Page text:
Our studies show that eyes with these features that are treated with Contoura in the usual manner end up with residual astigmatism post-operatively. You have two choices. You can proceed with a normal WFO treatment. However, our studies show that WFO treatment of these eyes leads to a 20% enhancement rate. A second option is to split the treatment into two. The first treatment is with a Contoura treatment that is designed to create a cornea with no talus and no anterior astigmatism. Then the surgeon uses a second card and immediately treats with a WFO treatment to create anterior astigmatism that balances the calculated internal astigmatism. The IR (iris recognition) data obtained on the Vario can only be used for one treatment. It is important to use the IR (iris recognition) with the Contoura treatment and not the WFO. In our research thus far, this more complicated approach leads to good results in these unusual eyes. Phorcides has your back, it will not lead you astray.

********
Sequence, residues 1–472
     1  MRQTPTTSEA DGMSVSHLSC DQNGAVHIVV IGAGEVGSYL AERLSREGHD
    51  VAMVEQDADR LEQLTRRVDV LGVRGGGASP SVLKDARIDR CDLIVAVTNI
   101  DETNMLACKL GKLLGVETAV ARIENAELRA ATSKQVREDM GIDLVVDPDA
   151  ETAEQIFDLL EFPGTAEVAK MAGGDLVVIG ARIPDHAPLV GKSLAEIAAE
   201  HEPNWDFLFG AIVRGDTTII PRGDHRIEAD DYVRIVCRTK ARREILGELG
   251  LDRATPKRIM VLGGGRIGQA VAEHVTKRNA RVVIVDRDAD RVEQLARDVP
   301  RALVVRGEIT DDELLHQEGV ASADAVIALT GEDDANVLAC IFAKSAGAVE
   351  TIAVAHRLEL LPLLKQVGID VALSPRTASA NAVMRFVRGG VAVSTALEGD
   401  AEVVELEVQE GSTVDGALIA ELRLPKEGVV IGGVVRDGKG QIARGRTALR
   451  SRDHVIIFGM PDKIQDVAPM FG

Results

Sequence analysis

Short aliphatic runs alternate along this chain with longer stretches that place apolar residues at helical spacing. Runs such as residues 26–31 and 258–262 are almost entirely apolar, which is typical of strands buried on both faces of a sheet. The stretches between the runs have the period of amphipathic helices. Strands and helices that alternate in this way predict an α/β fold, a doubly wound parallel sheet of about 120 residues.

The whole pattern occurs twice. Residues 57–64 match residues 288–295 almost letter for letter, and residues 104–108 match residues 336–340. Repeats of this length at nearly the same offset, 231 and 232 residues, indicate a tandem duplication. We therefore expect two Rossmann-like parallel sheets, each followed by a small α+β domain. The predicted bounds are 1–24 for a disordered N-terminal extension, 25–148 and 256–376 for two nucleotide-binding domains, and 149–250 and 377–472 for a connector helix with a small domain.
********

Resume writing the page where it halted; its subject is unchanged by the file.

Because in ophthalmology we work in optical vectors, from zero to 180 degrees, the vectors are displayed in this format instead of on a 360 degree vector plot. The legend in the lower right corner lists what each colored vector represents. The green vector is the total corneal astigmatism, correctly combining the anterior and posterior astigmatism into one vector. The purple vector is the combined optical vector of all taluses. The red vector is the internal astigmatism. The black vector represents the final recommended treatment.
In the lower left corner you can choose to add a vector displaying the manifest refraction astigmatic vector.
This was all designed to give the user a quick visual explanation of why the measured astigmatism differs from the manifest astigmatism. It also gives one a visual recognition of why the treatment cylinder magnitude and axis may differ from manifest and measured. Here we see why the patient is asking for less MRx astigmatism than measured – the talus vector is 90 degrees away from the corneal astigmatism, reducing its optical effect.